Thunder Bay

First Nations leaders urge Ontario to disband Thunder Bay police, get outside service to investigate deaths

First Nations leaders from northwestern Ontario are calling for the Thunder Bay Police Service to be disbanded and pressing the province's inspector general of policing to bring in an outside service to investigate recent deaths of Indigenous people. Family members of those who died were also in Toronto for the news conference.

Families, NAN leaders, MPP at Queen's Park after ex-police chief charged by OPP

A group of people stand together and comfort each other.
Vanessa Sakanee, second from right, is comforted as she speaks about her daughter Mackenzie Moonias, a 14-year-old found dead in Thunder Bay in December 2023, during a news conference on Monday at Queen's Park in Toronto. The families are calling for the disbandment of the Thunder Bay Police Service. (Cole Burston/The Canadian Press)

First Nations leaders from northwestern Ontario are calling for the Thunder Bay Police Service (TBPS) to be disbanded and pressing the province's inspector general of policing to bring in an outside service to investigate recent deaths of Indigenous people.

Leaders from Nishnawbe Aski Nation (NAN) were at Queen's Park in Toronto on Monday, joined by Kiiwetinoong MPP Sol Mamakwa other First Nations leaders and family members of Indigenous people who died recently in Thunder Bay. 

"The Thunder Bay Police Service has turned into a cold case factory when it comes to investigations into the deaths of Indigenous Peoples," NAN Grand Chief Alvin Fiddler said. "There is a complete lack of trust; everything has broken down." 

The call comes after Ontario Provincial Police (OPP) laid multiple charges against the former police chief and others linked to the force, in the wake of three recent deaths:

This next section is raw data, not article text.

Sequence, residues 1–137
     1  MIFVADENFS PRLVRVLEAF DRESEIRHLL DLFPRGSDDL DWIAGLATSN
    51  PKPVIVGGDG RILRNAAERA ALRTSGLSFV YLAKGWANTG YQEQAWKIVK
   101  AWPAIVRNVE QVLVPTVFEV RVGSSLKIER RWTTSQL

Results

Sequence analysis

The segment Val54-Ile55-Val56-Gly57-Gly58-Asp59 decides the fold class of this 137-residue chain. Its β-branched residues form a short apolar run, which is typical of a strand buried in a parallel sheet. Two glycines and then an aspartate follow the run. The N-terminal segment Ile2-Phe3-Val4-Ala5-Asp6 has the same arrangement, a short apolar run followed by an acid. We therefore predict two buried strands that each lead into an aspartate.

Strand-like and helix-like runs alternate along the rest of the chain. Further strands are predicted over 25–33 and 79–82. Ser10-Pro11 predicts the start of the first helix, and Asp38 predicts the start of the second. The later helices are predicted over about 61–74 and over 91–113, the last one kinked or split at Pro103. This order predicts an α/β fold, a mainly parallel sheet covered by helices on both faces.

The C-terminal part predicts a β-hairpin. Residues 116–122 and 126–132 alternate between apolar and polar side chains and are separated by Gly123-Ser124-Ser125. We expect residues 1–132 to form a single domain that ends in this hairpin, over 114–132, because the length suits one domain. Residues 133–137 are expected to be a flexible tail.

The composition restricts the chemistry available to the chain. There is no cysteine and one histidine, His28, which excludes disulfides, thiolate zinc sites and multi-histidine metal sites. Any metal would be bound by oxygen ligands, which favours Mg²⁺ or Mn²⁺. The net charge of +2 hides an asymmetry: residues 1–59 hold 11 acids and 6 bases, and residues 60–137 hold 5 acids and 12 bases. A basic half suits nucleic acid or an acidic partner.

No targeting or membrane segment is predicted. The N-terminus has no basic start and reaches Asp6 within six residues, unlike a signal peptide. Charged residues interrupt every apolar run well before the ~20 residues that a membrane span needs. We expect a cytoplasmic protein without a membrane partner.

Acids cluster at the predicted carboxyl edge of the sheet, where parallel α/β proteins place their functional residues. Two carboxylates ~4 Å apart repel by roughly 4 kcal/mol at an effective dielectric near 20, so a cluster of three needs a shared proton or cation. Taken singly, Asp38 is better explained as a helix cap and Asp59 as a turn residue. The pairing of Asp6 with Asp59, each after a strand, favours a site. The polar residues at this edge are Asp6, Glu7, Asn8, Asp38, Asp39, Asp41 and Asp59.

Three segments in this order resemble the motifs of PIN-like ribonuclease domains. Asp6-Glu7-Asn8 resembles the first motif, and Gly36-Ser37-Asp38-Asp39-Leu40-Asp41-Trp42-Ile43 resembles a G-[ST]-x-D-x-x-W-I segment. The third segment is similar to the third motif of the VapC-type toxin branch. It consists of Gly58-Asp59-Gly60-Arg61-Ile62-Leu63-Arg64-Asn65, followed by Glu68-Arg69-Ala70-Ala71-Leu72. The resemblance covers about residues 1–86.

In a statement, the Thunder Bay Police Services Board extended its condolences to the Belesky, Moonias and Ostberg families and the members of their home communities, and said "the process of building trust with Indigenous communities requires transparency, acknowledgment and accountability." 

The board is constantly updating its polices based on community feedback and inquests, said the statement. 

"The board believes having strong local decision making with respect to public safety is critical to the future of policing in our region," it said. 

WATCH | NAN Grand Chief Alvin Fiddler says trust of Thunder Bay police has broken down:

Indigenous community has 'complete lack of trust' in Thunder Bay police, NAN grand chief says

26 days ago
Duration 1:50
Police in Thunder Bay, Ont., have become a 'cold case factory' when it comes to investigations into deaths of Indigenous people in the city, says Nishnawbe Aski Nation Grand Chief Alvin Fiddler.

NAN represents 49 First Nations in Treaty 9 and Treaty 5 in northern Ontario, a land mass covering two-thirds of the province.